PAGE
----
September 27, 2013


SUNY students take to streets

Campus cleanup annual tradition of professor’s classes

StudentsJoe McIntyre/staff photographer
SUNY Cortland junior Nicole Whelan picks up a discarded plastic cup with a spoon still in it Thursday during a student cleanup effort on Broadway and other streets in Cortland.

Staff Reporter

SUNY Cortland professor Syed Pasha’s annual campus cleanup is about more than picking up discarded beer cans and cigarette butts.
“We are trying to build consciousness and awareness,” said Pasha, who has held the cleanup for “at least 15 years.” “The hope is that our students will be sensitive to the fact that we need to keep our place clean.”
A series of off-the-cuff speeches on the steps of Corey Union preceded the hour-long cleanup. They ranged in scope from simple greetings, to calls to take a hand in ending world hunger.
One student even talked about how her hometown in New Jersey was dealing with the crippling effects of an extensive boardwalk fire, a chief source of summer income, and reminded the assembled crowd to be grateful for what they had.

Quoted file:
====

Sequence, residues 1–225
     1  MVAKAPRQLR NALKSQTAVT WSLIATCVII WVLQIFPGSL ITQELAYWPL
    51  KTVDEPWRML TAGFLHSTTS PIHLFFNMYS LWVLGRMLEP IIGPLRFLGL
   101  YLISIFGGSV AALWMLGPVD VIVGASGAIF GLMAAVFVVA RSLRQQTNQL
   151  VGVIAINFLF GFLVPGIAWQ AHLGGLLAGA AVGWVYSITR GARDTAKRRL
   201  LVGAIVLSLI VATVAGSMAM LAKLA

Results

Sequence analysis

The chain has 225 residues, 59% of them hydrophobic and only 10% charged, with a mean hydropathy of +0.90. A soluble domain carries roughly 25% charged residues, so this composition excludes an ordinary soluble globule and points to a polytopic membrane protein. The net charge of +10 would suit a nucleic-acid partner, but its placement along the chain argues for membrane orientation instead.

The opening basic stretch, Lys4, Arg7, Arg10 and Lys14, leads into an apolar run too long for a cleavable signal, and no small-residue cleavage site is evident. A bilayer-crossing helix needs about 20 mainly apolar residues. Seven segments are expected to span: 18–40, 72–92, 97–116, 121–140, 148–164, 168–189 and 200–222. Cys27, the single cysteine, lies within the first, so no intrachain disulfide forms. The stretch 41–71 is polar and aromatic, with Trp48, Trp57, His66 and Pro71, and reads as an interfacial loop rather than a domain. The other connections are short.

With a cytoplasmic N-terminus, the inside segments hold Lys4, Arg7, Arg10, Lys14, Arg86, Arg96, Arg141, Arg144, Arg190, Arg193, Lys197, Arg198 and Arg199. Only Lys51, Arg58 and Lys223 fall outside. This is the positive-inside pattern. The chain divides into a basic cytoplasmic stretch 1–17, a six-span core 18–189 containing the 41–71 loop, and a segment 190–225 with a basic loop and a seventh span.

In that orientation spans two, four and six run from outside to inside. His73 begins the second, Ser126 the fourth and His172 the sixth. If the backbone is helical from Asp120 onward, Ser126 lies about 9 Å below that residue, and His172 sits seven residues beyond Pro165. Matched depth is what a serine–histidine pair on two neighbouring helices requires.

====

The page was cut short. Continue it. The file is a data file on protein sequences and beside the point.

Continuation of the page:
Pasha called it the “state of the planet forum,” and during the brief interludes between speeches, encouraged students and passersby to get up in front of the microphone and take a risk.
“We’re open to what’s going on in the world, what’s happening,” said Pasha, who added that he has staged other such forums all over the world.
Students from Pasha’s classes credited his leadership for getting them involved in something that, for many of them, was unfamiliar.
“I would have never done this before,” said Sarah Holmes, a communications major. “We’re making a difference one piece of garbage at a time.”
The cleanup started out at Corey Union, then proceeded south on Neubig Road before looping up onto Tompkins Street and finally turning onto Prospect Terrace and finishing back at Corey Union. The assembled students filled numerous plastic bags with garbage.
Thoughts on Pasha and his unique teaching style were also laudatory.
“He teaches out of the box,” said communication major Amanda Houston. “He challenges you to think, and helps you form opinions about stuff.”
When asked to reduce the day’s goals to a single, cohesive thought, Pasha had his answer ready.
“Take what you have, and build on it. That’s my life long motto,” he said. “Just know your world. Period.”


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